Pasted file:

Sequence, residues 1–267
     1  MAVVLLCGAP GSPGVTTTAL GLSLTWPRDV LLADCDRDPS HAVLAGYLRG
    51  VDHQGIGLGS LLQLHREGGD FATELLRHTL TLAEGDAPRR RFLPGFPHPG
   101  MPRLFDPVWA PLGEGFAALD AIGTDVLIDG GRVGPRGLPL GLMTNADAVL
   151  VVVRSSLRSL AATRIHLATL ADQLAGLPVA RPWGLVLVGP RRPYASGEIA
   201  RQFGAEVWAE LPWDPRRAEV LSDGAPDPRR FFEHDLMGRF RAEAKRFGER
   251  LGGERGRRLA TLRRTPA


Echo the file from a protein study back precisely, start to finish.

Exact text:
Sequence, residues 1–267
     1  MAVVLLCGAP GSPGVTTTAL GLSLTWPRDV LLADCDRDPS HAVLAGYLRG
    51  VDHQGIGLGS LLQLHREGGD FATELLRHTL TLAEGDAPRR RFLPGFPHPG
   101  MPRLFDPVWA PLGEGFAALD AIGTDVLIDG GRVGPRGLPL GLMTNADAVL
   151  VVVRSSLRSL AATRIHLATL ADQLAGLPVA RPWGLVLVGP RRPYASGEIA
   201  RQFGAEVWAE LPWDPRRAEV LSDGAPDPRR FFEHDLMGRF RAEAKRFGER
   251  LGGERGRRLA TLRRTPA